Image: Cold gas in deep space
This image shows the LISA Pathfinder launch composite (spacecraft plus propulsion module) at the IABG test centre in Ottobrunn, near Munich, Germany, on 31 August 2015, before it was shipped to the launch site.
In January 2016, seven weeks after launch, LISA Pathfinder reached its operational orbit around 'L1', the first libration point of the Sun–Earth system, a virtual point in space some 1.5 million km from Earth toward the Sun.
Arrival marked the start of what has now become an extraordinary scientific achievement: demonstrating the technology needed to build a space-based gravitational wave observatory (see LISA Pathfinder exceeds expectations).
Any spacecraft orbiting L1, however, will, over time, tend to drift away. As a result, the teams flying LISA Pathfinder must plan and conduct 'station-keeping manoeuvres' every one to two weeks. These gentle 'pushes' – using the same cold-gas microthrusters used for the mission's scientific operations – deliver very small puffs of gas to keep the spacecraft where it should be.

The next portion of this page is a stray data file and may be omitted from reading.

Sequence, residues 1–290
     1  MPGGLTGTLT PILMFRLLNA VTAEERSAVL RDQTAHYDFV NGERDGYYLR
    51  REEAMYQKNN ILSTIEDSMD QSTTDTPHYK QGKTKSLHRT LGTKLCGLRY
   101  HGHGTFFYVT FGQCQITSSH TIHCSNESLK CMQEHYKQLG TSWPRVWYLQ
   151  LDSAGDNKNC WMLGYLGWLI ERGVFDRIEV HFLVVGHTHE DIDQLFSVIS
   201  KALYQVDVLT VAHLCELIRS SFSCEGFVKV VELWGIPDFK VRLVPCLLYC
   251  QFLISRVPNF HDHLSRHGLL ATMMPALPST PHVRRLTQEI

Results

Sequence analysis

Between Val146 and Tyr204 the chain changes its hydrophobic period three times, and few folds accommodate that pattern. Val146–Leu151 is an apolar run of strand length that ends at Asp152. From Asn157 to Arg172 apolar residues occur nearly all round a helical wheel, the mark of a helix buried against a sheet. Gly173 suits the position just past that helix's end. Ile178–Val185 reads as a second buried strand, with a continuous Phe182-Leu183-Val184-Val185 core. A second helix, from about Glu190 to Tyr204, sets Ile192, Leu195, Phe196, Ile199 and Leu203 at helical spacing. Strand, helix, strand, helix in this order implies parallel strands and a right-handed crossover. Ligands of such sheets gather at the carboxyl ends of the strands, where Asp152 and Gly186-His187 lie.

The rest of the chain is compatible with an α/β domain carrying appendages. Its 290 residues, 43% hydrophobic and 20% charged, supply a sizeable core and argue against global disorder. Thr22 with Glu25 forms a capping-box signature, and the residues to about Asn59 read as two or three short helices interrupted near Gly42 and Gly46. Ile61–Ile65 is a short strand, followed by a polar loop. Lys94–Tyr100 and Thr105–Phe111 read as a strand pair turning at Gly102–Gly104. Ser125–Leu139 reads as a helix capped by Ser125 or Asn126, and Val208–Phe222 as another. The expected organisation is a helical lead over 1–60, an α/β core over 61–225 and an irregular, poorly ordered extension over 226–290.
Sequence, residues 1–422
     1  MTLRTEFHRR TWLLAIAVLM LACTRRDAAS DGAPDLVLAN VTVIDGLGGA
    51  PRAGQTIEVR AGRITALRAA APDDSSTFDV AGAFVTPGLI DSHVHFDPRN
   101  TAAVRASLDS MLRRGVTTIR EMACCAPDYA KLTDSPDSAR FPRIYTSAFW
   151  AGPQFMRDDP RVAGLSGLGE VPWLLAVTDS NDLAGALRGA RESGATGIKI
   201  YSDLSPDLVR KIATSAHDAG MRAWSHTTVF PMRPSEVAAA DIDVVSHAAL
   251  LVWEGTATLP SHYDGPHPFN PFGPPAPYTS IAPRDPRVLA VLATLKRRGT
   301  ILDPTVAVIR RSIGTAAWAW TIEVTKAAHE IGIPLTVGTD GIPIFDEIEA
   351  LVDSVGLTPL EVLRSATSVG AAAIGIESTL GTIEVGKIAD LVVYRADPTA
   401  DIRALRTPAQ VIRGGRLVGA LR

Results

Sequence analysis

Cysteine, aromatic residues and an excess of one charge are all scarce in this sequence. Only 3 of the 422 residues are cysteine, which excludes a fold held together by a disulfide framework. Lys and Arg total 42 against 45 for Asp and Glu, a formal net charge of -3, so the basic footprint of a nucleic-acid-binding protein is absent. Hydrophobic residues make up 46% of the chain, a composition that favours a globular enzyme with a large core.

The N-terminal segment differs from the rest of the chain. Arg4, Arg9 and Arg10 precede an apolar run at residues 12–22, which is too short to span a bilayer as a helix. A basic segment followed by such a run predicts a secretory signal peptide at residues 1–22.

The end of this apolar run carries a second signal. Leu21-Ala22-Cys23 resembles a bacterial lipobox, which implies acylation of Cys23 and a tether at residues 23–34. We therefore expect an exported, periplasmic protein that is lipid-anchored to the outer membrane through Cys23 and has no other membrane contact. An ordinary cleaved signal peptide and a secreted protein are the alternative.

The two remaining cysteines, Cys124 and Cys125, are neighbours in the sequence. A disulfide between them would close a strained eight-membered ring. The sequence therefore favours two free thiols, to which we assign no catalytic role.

There are three sets of four microthrusters. The image shows one set (with black caps) at centre-right of the spacecraft body. The other set of thrusters with red caps to the left belong to the Disturbance Reduction System, a separate NASA payload.
How small is this microthrust? The devices generate forces of 1–100 millionths of a Newton, much, much less than the weight of any housefly. But it's enough to do the job.